The cave bear (Ursus spelaeus) was larger than the Kodiak bear, the current giant bear. Half 1.3 meters high and 2.6 meters long, which when standing on two legs reached 3 meters. It weighed up to 700 kilos and occupied a long range of space, encompassing practically all of Europe during the Pleistocene. Its name is because inhabited caverns, used to achieve their hibernation periods that they could share with prehistoric humans.

You can find out more information about which animals hibernate and why by reading this post from Green Ecologist.

Image: Vix

Other examples of megafauna

Next, we are going to name another series of species of extinct giants in order to know more details on the subject.

  • Megalodon (Carcharocles megalodon). A shark that measured up to 20 meters in length, weighing 50 tons and was three times greater than the current great white shark.
  • Aesop's swimming pig (Neochoerus aesopi). Similar to capybaras, but weighed up to 170 kilos. He lived in Mexico.
  • Giant kangaroo (Procoptodon goliah). He had the ability to raise his arms above himself to pluck branches from trees. It was six feet tall and had legs similar to horse hooves.
  • Sabertooth (Smilodon populator). It lived in South America, with a height of 1.20 and a weight of up to 400 kilos. His name alluded to his long teeth of up to 19 centimeters.
  • Giant dragonfly (Meganeura). It was a dragonfly with a wingspan of 80 centimeters, from wing to wing, which lived with the first insects during the Carboniferous.
  • Steller's Sea Cow (Hydrodamalis gigas). The largest mermaid ever, 10 meters long and weighing up to 10 tons. It managed to survive the extinctions of the Quaternary, but it was eliminated as soon as it was discovered, in the 18th century, by intense human hunting. If you are interested in the topic, you can also read about the Causes and consequences of poaching in animals here.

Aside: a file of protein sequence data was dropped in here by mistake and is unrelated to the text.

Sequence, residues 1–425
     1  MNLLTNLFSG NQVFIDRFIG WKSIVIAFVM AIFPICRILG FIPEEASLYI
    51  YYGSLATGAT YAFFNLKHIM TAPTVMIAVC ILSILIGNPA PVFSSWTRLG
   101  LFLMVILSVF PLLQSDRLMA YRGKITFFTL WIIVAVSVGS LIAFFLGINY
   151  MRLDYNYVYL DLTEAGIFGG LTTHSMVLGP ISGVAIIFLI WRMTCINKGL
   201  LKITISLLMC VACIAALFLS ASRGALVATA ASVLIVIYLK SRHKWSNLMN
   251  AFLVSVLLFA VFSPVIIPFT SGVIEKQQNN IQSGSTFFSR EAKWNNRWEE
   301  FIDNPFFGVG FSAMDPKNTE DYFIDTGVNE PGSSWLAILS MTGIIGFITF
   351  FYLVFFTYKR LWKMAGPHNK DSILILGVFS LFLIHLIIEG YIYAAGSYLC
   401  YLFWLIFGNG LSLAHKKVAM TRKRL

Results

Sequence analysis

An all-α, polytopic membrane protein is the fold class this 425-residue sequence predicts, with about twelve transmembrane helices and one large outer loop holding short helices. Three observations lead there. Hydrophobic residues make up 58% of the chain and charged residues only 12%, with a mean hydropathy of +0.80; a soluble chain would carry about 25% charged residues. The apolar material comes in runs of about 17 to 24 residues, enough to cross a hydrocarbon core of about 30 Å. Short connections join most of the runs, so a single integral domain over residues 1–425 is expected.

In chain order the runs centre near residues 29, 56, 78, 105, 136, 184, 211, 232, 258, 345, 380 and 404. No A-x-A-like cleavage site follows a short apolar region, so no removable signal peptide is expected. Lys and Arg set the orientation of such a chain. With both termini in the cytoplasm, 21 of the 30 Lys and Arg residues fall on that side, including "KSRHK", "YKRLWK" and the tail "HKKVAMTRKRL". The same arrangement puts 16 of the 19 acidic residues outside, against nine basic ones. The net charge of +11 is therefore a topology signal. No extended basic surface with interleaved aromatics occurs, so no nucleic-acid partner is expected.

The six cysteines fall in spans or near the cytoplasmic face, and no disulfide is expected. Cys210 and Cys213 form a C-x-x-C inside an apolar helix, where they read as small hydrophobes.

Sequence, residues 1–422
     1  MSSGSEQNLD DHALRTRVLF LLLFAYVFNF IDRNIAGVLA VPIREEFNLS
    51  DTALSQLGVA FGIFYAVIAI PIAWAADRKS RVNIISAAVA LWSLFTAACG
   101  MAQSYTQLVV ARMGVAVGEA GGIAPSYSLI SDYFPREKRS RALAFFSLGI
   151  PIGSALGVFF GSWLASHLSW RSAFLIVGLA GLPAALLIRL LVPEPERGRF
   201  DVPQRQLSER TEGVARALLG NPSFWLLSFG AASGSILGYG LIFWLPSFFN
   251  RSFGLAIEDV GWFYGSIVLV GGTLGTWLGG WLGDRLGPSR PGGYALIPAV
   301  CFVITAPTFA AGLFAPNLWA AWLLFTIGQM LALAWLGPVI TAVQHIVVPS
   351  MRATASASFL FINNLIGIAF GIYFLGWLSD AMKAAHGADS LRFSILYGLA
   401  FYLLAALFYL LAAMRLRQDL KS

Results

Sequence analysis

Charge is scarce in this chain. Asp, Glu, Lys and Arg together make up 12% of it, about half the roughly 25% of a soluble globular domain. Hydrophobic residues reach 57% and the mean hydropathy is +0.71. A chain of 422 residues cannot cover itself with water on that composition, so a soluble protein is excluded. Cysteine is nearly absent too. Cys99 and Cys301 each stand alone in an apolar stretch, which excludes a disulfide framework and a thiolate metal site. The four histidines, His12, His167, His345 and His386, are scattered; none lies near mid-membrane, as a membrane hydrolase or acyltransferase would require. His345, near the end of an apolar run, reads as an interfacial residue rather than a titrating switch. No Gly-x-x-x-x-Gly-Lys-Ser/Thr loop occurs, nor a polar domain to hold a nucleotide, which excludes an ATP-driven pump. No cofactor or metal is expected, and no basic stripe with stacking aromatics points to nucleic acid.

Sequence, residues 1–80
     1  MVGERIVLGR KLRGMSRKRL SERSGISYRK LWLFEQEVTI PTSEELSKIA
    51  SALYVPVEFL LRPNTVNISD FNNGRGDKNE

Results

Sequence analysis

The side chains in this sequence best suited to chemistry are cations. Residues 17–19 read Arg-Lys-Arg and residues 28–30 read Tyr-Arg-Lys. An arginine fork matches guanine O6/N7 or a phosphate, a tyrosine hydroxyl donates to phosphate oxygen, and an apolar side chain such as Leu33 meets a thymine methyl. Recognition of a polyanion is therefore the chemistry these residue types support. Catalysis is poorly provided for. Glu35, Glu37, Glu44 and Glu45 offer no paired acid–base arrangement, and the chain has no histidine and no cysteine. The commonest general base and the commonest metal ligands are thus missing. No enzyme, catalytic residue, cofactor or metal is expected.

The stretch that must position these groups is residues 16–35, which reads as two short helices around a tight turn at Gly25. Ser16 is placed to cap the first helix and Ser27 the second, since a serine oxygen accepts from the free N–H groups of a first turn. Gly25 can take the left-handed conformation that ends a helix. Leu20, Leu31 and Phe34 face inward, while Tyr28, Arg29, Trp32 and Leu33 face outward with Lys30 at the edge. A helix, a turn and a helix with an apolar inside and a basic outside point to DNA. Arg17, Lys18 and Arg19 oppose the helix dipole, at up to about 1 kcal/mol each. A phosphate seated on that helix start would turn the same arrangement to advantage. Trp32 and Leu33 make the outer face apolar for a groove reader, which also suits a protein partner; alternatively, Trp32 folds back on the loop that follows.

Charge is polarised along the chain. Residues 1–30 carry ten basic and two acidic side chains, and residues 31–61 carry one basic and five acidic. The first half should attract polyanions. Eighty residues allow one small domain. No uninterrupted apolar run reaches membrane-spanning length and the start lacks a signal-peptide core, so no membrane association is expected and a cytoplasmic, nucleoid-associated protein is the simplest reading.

• Megalocero (Megalocerus giganteus). Known as the giant moose, it had antlers of an impressive size up to 3.5 meters from side to side. His body was proportional, measuring approximately 2 meters.
  • Arctic giant camel. It inhabited the Arctic in seasons of global warming, which did not have perpetual ice and was more like a forest. It was 30% taller than today's camels.
  • Pelagornis (Pelagornis sandersi). They were Pleistocene seabirds, with a wingspan of 7 meters in size and which has positioned them as the largest birds that have ever existed.

Current giant animals

Some species that today share time and space with us managed to survive the massive extinctions of the Quaternary. Here are some of those examples:

African elephant (Loxodonta africana)

The African elephant is the largest land animal in existence, standing 4 meters tall and weighing 5 tons. They are larger than Asian elephants and, like their extinct proboscidean relatives, they have a distinctive pair of tusks and long prehensile trunks to aid them in a myriad of activities.

Caribbean manatee (Trichechus manatus)

It is the largest mermaid that survives. It can measure up to 4.6 meters with a weight of up to 1,500 kilos. It is a relative of the extinct Steller's sea cow.

European bison (Bison bonasus)

It is the largest mammal in Europe. It is the result of the hybridization between two extinct bison, Bison priscus Y Bos primigenius, so it represents a bridge between prehistoric times with current modernity.

Recall that the last mass extinction was largely human-generated. This makes us rethink our current role as unsustainable predators of natural resources. While megafauna still exist, we must begin to change our devastating anthropogenic behavior to conserve the biodiversity that still exists and has intrinsic biological value.

We leave you this article by Green Ecologist on how the human being is largely responsible for the extinction of species so that you can complete your information.

If you want to read more articles similar to What is megafauna and examples, we recommend that you enter our Biodiversity category.

  • Moleón, M., Sánchez-Zapata, J… Donázar, J. , Revilla, E., Martín-López, B., Gutiérrez-Cánovas, C. (2022). Rethinking megafauna. Proceedings of the Royal Society, 287 (1922). Available at: https://royalsocietypublishing.org/doi/full/10.1098/rspb.2019.2643
  • Days, R. Eng, J. (2022). Capybaras in Mexico. Available at: https://www.sabermas.umich.mx/secciones/articulos/496-capibaras-en-mexico.html
  • Badillo, L. (2022). Extinction of megafauna in the Pleistocene related to the presence of humans. The Science Day. Available at: https://ciencias.jornada.com.mx/2017/01/02/relacionales-extincion-de-megafauna-en-el-pleistoceno-a-presencia-de-humanos-6933.html
  • Europa Press. (2013). The giant camels of the Arctic. Available at: https://www.elmundo.es/elmundo/2013/03/05/ciencia/1362502884.html